Your state of mind is also very important. When you are angry (that you have to repeat something over and over again), when you punish or threaten, you lose credibility. Think of anger, punishment and threats as a sign that pops up over your head and says, “I am weak”. When this happens, your children cannot lean on you or trust you to protect them. If you were not weak, you would not have to be angry or use punishment and threats to make them do what you want, right?
Reminders sounds like this: “Please take the dishes to the sink”, and they sound the same, in a calm voice, even if you have to say it 10 times. Take a deep breath and say it again calmly. You are reminding them of the rules and the expectations of them. No need for threats or punishments.
There is also no need for sarcasm (“How many times do I have to tell you?”, “Am I talking to the wall?”, “Are you deaf or something?”, “What is so hard to understand?”, “What’s so special about you that you think you don’t have to clear the table?”, “Do you think the house elves will come and clear the table?”).
Sarcasm is when you ask a question that is actually a hidden statement or when you say something positive, but your tone says the opposite. For example, “That was REAL smart”, when you actually mean, “That was not a smart thing to do”, or “Am I talking to the wall?”, when you actually mean, “I am feeling ignored. Please pay attention to me”.
4. Provide Perspective and Let Them Choose
Parents expect their own kids to have all the knowledge and understanding they have as grownups. They like giving their kids conclusions rather than providing them with different perspectives and allowing them to consider their options.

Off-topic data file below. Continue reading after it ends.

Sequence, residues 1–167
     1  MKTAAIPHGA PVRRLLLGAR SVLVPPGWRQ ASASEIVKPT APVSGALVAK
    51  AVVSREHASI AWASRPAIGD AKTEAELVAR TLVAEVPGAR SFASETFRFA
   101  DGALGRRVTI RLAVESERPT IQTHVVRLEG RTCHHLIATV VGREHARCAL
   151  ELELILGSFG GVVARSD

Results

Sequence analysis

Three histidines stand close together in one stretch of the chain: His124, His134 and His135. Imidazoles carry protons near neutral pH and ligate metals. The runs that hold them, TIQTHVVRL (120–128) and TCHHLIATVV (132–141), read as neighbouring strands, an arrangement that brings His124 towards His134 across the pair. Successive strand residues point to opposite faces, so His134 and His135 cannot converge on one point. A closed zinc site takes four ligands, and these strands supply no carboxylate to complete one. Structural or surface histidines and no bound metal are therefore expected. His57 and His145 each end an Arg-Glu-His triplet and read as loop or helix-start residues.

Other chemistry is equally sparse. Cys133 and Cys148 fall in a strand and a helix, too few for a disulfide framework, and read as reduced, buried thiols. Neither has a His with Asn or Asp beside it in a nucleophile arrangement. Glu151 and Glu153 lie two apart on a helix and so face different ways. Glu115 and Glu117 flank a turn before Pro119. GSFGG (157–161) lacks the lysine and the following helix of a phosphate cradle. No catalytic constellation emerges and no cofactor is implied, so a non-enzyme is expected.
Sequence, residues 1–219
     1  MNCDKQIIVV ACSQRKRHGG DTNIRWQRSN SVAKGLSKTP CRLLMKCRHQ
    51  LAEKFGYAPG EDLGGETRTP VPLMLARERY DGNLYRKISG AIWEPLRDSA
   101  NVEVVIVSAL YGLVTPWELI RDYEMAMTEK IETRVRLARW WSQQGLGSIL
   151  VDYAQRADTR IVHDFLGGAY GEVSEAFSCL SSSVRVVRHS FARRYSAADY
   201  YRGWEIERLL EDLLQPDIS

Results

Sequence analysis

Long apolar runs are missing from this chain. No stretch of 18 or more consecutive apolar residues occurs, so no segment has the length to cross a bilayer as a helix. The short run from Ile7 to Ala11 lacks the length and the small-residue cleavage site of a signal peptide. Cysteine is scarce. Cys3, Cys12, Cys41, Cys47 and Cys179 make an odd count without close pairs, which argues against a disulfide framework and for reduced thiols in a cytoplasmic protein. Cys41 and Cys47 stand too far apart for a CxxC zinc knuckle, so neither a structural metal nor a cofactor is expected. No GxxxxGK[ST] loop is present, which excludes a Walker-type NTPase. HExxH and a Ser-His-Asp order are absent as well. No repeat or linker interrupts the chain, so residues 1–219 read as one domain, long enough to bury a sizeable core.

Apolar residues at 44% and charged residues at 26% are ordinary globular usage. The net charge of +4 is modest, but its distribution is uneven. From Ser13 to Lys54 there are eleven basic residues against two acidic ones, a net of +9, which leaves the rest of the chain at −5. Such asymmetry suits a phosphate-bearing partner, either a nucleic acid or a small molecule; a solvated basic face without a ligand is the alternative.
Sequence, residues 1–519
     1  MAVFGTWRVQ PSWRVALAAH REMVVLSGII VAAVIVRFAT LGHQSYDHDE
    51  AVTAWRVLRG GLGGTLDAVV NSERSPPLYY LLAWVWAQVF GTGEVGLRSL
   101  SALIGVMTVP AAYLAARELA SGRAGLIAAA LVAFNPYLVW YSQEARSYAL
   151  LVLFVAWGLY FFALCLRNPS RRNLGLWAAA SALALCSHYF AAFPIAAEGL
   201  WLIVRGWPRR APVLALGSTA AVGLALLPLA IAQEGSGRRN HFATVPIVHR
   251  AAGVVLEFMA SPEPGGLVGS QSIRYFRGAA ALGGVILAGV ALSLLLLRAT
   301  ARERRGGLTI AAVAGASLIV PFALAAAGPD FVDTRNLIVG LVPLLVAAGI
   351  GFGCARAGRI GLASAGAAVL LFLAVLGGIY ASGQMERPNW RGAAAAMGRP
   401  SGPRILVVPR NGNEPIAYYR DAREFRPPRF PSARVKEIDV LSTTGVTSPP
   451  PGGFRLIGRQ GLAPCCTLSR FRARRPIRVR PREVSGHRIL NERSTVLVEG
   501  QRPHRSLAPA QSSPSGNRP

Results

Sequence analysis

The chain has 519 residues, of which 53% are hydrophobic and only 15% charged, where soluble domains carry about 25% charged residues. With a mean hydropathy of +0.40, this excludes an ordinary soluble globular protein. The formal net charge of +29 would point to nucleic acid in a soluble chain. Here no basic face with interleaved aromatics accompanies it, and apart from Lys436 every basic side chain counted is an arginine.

For example, instead of saying, “You’ll break the mirror”, it is better to say, “The ball is hard and heavy and the mirror is fragile and easy to break”. This way, the kids comes up with the conclusion that it is better not to throw the ball at the mirror by themselves.
If they are given options, they choose. If they do not exercise their choice muscle, it becomes weak and they grow up to be big procrastinators or people who are in constant doubt over the simplest things in life.
5. Ask for Your Kids’ Opinion
If you want your kids to listen to you, you need to earn their trust. A good way to build trust is to give them the feeling that their thoughts, feelings and ideas are worth expressing and that they are valued. An easy way to build that trust is to ask kids for their opinion.
When I suggest this to parents, some of them think that when you ask for someone’s opinion, it means you have to accept it, but you don’t.
Asking for someone else’s opinion only means you want to take their opinion into consideration when making your decision. It does not mean you have to accept it. Similarly, you should not think that if your kids ask for your opinion, they must accept it.
I believe you can ask three-year-old kids for their opinion about many things. For example, what to make for dinner, what they suggest you wear if you are trying to decide between two dresses, and even what to buy as a gift for their friend. If you do it when they are young, then by the time they are teens, they will already feel that you care about them, that you are willing to consider their opinion and that you do not think that you are all-knowing and things need to be done your way or else…
Try each of these tips. I promise you that each of them, separately, can change the relationship at home and make your words more valuable to your children, and together, they will transform your family life.